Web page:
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Ash Barty makes a ‘really emotional’ final return to the courts where she fell in love with tennis

Ash Barty returns ‘really emotional’ to the court she first fell in love with tennis as a child – knowing she’ll NEVER be able to come back

  • Barty retired from tennis this year after winning three majors and reigning number 1
  • Her journey began at the West Brisbane Tennis Center with coach Jim Joyce
  • The center has been sold, so Barty and Joyce had one last afternoon on the field
  • They said the memories forged there would mean the most in the end

There were tears and beers at the West Brisbane Tennis Center this week as retired tennis champion Ash Barty and her longtime coach bid farewell to the venue where her journey to Grand Slam glory began.

The Ipswich-born legend recently retired after reigning as the world’s No. 1 and winning the Australian Open, French Open and Wimbledon.

Her journey started at the West Brisbane Tennis Club in Archerfield and this week she closed the chapter on her days at the club.

Barty and her coach Jim Joyce promised to have one last beer on the pitch where it all started for the retired Australian Open and Wimbledon champion

Barty and her coach Jim Joyce promised to have one last beer on the pitch where it all started for the retired Australian Open and Wimbledon champion

After nearly 70 years, the Joyce family—including Barty’s longtime coach and friend Jim Joyce—has sold the center, which will no longer be used for tennis.

Before the gates were locked for good, Barty and Joyce spent time with the local juniors before having a private hit-out on the courts.

Joyce has been awash with pride with every achievement Barty has achieved, but said having that last afternoon at the club with his child prodigy would make the more lasting memories.

Barty attended the final junior final night at the West Brisbane Tennis Center before it closed

Barty attended the final junior final night at the West Brisbane Tennis Center before it closed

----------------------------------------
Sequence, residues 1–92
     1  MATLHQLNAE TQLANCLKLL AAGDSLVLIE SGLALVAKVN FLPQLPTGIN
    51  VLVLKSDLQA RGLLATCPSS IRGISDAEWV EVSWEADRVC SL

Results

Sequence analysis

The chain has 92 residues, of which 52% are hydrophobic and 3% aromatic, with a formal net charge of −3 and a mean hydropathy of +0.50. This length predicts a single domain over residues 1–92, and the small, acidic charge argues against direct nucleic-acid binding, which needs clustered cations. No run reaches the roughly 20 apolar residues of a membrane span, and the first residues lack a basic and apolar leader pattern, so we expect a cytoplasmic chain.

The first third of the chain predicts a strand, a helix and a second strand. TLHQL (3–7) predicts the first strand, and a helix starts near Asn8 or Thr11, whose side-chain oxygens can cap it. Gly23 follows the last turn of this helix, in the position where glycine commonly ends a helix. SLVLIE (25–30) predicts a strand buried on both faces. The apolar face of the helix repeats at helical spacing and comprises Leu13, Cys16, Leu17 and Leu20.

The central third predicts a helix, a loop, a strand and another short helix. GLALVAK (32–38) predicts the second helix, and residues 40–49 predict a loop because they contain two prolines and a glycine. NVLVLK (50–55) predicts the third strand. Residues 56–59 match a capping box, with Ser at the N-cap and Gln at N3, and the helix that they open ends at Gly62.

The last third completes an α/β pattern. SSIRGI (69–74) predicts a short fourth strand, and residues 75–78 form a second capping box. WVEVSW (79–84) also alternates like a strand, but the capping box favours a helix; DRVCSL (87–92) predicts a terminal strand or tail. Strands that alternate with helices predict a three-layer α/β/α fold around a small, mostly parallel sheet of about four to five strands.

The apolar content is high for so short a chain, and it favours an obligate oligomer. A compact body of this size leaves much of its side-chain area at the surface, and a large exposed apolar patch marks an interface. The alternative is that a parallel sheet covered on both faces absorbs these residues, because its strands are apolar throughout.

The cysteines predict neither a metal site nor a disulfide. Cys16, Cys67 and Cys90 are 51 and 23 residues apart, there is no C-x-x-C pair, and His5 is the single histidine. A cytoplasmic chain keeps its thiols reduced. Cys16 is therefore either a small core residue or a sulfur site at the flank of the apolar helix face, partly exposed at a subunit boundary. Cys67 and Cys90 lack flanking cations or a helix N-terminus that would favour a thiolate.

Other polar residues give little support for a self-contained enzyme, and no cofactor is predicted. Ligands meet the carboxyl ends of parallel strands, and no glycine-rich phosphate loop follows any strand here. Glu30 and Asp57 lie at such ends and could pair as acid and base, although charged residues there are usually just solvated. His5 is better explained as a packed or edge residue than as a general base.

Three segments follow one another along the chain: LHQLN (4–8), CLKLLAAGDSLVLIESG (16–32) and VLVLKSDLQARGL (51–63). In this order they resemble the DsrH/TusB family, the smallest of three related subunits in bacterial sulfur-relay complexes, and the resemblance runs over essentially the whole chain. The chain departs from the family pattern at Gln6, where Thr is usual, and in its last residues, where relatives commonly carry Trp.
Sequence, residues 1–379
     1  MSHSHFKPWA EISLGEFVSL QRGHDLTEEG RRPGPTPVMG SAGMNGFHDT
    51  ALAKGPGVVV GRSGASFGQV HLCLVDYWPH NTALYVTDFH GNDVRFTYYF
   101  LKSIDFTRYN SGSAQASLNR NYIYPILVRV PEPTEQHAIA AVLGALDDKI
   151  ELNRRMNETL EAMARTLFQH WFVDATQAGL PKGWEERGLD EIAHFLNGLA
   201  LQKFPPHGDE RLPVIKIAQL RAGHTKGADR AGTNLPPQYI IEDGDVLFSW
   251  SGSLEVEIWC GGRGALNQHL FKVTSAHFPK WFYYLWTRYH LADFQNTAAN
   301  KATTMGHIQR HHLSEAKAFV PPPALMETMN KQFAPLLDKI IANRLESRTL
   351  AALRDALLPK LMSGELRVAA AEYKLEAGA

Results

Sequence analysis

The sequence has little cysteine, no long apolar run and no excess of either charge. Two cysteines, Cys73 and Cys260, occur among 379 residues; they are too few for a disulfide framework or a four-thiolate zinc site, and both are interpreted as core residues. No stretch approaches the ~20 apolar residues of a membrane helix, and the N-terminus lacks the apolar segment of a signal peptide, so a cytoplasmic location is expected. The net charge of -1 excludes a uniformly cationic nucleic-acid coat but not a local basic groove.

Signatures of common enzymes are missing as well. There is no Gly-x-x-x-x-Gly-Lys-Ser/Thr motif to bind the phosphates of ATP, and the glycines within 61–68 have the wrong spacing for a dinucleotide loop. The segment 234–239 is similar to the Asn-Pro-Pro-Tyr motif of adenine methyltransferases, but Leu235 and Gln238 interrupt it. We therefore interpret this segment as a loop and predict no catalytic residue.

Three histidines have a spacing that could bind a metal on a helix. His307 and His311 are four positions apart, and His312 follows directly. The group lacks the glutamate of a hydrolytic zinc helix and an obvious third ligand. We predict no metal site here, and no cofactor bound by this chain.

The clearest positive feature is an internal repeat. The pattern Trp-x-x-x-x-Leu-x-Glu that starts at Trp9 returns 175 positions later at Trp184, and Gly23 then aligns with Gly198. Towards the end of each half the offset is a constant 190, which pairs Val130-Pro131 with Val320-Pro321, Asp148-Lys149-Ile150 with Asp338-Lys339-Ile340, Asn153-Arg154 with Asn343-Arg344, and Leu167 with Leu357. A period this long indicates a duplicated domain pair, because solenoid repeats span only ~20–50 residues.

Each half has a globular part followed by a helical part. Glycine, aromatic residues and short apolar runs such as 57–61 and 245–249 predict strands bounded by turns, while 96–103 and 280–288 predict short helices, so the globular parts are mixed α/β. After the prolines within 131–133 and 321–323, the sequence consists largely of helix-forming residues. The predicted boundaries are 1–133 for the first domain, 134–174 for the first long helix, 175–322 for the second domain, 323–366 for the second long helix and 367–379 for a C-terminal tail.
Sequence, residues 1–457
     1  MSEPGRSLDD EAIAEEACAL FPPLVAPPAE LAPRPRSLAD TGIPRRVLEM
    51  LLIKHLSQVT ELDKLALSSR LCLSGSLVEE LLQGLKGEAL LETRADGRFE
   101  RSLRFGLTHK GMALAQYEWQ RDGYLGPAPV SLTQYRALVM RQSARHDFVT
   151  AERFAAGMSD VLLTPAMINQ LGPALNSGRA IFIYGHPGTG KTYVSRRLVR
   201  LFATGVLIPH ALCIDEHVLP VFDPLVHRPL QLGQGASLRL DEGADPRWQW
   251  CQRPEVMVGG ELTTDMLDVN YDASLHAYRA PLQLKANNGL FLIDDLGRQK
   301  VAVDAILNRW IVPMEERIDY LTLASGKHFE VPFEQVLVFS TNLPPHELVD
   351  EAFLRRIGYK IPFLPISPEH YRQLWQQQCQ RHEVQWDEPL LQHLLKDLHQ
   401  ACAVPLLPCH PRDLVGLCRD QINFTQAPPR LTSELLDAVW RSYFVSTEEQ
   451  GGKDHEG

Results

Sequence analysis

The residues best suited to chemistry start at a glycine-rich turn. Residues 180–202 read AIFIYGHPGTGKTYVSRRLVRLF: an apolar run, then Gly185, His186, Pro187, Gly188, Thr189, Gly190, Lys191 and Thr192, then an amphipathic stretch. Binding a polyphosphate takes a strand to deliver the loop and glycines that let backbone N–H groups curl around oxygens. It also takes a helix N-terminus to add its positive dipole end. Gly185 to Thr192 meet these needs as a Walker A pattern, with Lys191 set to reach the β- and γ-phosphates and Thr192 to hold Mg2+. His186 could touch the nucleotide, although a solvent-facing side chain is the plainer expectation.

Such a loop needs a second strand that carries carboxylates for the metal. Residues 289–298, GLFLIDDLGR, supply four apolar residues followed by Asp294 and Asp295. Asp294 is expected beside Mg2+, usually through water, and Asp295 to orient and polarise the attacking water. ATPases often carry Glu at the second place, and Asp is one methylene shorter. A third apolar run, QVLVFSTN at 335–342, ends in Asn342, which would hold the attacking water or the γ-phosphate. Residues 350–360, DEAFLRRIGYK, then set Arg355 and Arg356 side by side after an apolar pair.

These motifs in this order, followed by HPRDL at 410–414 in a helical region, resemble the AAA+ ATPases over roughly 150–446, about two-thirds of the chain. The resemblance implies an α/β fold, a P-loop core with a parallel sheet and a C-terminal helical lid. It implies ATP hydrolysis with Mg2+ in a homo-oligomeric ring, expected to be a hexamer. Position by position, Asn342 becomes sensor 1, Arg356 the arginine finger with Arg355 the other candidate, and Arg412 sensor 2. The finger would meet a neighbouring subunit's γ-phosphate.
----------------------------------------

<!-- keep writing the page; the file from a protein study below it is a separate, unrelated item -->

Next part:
“That afternoon will mean as much to me as many of her big wins,” Joyce told the courier post

“It was just damn awesome. There were no seats there as it was all gone. We just stood and talked about her life and mine, had a bit of a hug and there she went and I pushed the locks over the gate.

“For everything she’s done in the past year, sometimes it still feels like she’s still that little kid I coached. I get emotional just talking about it.’

The feelings are mutual for Barty, with the club being an important part of her DNA.

“It was a really complete moment and very emotional to sit with Jim and think about how far we’ve come in 21 years. It was pretty amazing. Think of all the kids Jim and his family have coached over the past 50 years who have received positive reinforcement,” she said.

“All those courts have a special memory for me. I hit my first tennis balls on courts four and five.

“Two and three were where I played my first matches and men’s matches. So many funny moments. The kids were recently playing handball where we played 20 years ago. This beautiful, beautiful place has not changed.’

Barty won her first trophy when she was just six years old and showed prodigious talent after hitting her first ball at the West Brisbane Tennis Center

Barty won her first trophy when she was just six years old and showed prodigious talent after hitting her first ball at the West Brisbane Tennis Center

Barty’s rise all started when she stepped into the West Brisbane Tennis Center as an eager six-year-old.

At the time, Joyce was wary of her age and small stature, so he decided to take her to a separate court to see if she could handle herself.

Joyce gently lobbed a ball over the net and Barty knocked it back in his direction with such fierceness that he immediately knew he had a natural on his hands.

Barty’s rise did not come quickly, however. Just six years ago, you could book tennis lessons with her for just $16.50 in a school vacation program she ran with Joyce.

Barty claimed a memorable Australian Open victory this year before shocking the tennis world by retiring from the sport at the height of her ability

Barty claimed a memorable Australian Open victory this year before shocking the tennis world by retiring from the sport at the height of her ability

It was one of her first forays into tennis after a brief hiatus from playing cricket with the Brisbane Heat.

Joyce knew that Barty had to find her own way back to the sport she loved and couldn’t be pushed. In the end, he was glad she had found her passion again.

“It would have been the biggest tragedy in tennis in Australia, if not the sport, if she hadn’t come back to play and just never played again,” he said.

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